Fellow unit officer Brian Beadman says it’s especially important for kids to know they’re around for community engagements. The constables run an afterschool recreation room every Monday and Friday, and take neighbourhood kids to watch sports. Their latest expedition was to a Blue Jays game.

“The community needs to know that we're here for good times, too, not just to come and arrest somebody,” Beadman says.

Calgary’s YARD

YARD’s 2014 evaluation report paints a self-portrait of the youth who need the program.

Most are male, ages 13 to 16, who are still attending school, but have been suspended or expelled at some point. Many self-identify as Caucasian, Black or Indigenous,  and almost a quarter are immigrants. Some live with single parents, others live in shelters.

When youth are first referred to the program, all, or almost all, their friends are in gangs. In a slide presentation of the report, further information was revealed: half of the youth admitted to or are suspected of being in a gang, and 52 per cent report knowing at least two friends who’ve had run-ins with the law. Almost one in five weren’t afraid to flaunt their affiliations; 17 per cent had visible gang tattoos or attire upon intake.

“You can look at the big [successes] like graduating high school… but I think we more look at success in the small things."

With so many different backgrounds, it’s important to Adolph that what he does is individualized for each youth. Each YARD participant is paired up with a cop and a social worker, who work with the youth in meeting whatever goals they decide to work on. Attending school, participating in sports, and holding down a job are regular concerns youth ask Adolph for help with.

The success is subtle

“You can look at the big ones like graduating high school… but I think we more look at success in the small things, like improved relationships at home or not breaching curfew,” Adolph says, adding that some YARD participants have gone on to receive university scholarships.

At the end of the program, YARD’s report revealed some concrete results: YARD graduates were less likely to join a gang.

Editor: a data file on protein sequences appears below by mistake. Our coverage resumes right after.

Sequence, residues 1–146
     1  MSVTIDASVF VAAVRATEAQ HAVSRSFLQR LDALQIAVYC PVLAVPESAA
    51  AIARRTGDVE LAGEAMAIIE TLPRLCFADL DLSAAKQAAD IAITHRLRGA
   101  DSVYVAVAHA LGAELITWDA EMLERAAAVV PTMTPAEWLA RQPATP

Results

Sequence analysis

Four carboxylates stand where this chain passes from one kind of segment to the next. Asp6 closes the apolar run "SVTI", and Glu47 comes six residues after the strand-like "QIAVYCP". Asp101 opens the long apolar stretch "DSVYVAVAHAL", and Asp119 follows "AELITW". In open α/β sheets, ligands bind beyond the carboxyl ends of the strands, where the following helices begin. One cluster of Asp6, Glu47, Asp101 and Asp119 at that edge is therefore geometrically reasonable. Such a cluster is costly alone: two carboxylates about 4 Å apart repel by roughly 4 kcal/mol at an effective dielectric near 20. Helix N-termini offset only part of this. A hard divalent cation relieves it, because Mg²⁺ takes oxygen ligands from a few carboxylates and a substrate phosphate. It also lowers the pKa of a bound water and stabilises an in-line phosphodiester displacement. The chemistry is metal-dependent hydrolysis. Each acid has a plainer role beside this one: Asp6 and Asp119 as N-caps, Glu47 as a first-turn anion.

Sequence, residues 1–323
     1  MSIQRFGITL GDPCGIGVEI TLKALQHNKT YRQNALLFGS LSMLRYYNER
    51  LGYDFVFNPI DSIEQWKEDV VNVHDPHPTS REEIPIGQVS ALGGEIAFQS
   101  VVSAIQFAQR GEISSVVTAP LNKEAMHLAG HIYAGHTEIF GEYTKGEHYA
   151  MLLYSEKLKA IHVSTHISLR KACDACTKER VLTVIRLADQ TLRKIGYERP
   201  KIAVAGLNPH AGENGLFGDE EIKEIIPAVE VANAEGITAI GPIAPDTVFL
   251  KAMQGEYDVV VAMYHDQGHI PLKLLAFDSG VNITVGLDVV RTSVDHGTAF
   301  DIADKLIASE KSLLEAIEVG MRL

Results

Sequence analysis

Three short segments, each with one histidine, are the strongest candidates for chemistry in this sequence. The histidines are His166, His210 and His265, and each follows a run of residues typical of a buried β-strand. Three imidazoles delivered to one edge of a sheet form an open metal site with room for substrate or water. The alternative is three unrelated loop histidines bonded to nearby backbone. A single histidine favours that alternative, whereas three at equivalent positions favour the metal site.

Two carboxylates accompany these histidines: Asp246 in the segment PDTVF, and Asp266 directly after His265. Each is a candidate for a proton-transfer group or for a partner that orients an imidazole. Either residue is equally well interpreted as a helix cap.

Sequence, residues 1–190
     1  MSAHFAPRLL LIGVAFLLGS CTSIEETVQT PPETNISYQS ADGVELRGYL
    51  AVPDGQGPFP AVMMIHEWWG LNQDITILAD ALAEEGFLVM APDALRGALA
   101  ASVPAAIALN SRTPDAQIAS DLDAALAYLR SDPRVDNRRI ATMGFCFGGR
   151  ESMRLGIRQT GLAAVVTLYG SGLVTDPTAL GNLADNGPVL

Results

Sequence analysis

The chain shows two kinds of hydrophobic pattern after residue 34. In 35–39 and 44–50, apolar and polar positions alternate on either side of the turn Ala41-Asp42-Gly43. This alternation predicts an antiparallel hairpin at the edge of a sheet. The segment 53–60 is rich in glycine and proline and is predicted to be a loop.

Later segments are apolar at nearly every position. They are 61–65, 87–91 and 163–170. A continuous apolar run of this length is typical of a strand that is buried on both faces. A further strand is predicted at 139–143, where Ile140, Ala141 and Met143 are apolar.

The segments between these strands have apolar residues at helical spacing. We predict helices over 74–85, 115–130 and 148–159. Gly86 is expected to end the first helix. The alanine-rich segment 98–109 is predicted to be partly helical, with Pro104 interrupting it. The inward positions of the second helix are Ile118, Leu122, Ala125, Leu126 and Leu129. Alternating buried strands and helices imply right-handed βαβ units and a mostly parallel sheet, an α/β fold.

Followed over time, YARD youth had a 68 per cent success rate in avoiding criminal behaviour. This was nine per cent higher than non-participating eligible local youth, and 36 per cent more those who dropped out of YARD before receiving support services.

For Adolph and his teens, just being there as a fellow human being can be enough to build a relationship. Adolph gets phone calls from youth whenever they’re having family problems or probation issues.

“Once they realize we're not there, the things they tell us are confidential…we're not using it in an investigation. That's the way we build that trust,” he says.

Officers from the Somali Unit join prayers at a Rexdale, ON mosque. (Photo courtesy: Keeping Canada Safe)Officers from the Somali Liason Unit join prayers at a Rexdale, ON mosque. (Photo courtesy: Keeping Canada Safe)

Policing and public perception

Research compiled by the Ontario Ministry of Child and Youth Services states that around the 1960s the Canadian public started distrusting the police. Advances in technology like radio dispatching and car patrols caused cops to lose touch with neighbourhood residents they used to know personally through their foot patrols.

Most of Canada likes the idea of police. Statistics Canada reports that 76 per cent of Canadians have confidence in police as an institution. Visible minorities were only six per cent less likely to state this than the rest of Canadians.

But polls regularly report mixed approval ratings for local police. A 2016 Mainstreet Research poll states that almost one in two Calgary residents disapprove of the Calgary police; a 2015 poll reported that almost one in two Torontonians believed police treated certain races differently. This perception plays a role in whether or not Canadians will cooperate with local police, but also one that community policing might improve on with proper community consultation.

The challenge of funding for community policing

A study of Public Safety’s Indigenous policing program reveals that from 2015 to 2016, many police forces racked up $7.4 million in necessary expenditures that the government wasn’t able to reimburse. These costs include overtime pay for prisoner transportation and criminal investigations.

Officers in the program often criticized working conditions in the study. Broken down stations, inadequate lock-up areas, and understaffing were major shortcomings for them.

YARD’s funding comes from the Calgary Police Foundation. Public Safety reports it takes $23,348 to fund a single YARD participant. It’s the fourth most expensive youth gang prevention project to run in Canada. Funds have been spent on private tutoring, clothes for job interviews, and recreational opportunities. 

Although it seems pricy, program costs are a drop in the overall police budget. In fact, increasing funding for community policing models may cut down on this cost, the  Council of Canadian Academies' report suggests. Canadians spent $13.9 billion on police budgets in the 2014-2015 fiscal year. Since most cops are “generalists,” the resources needed to train them can be a money drain.

Watch Keeping Canada Safe Thursdays at 9/9:30NT or online

Also on CBC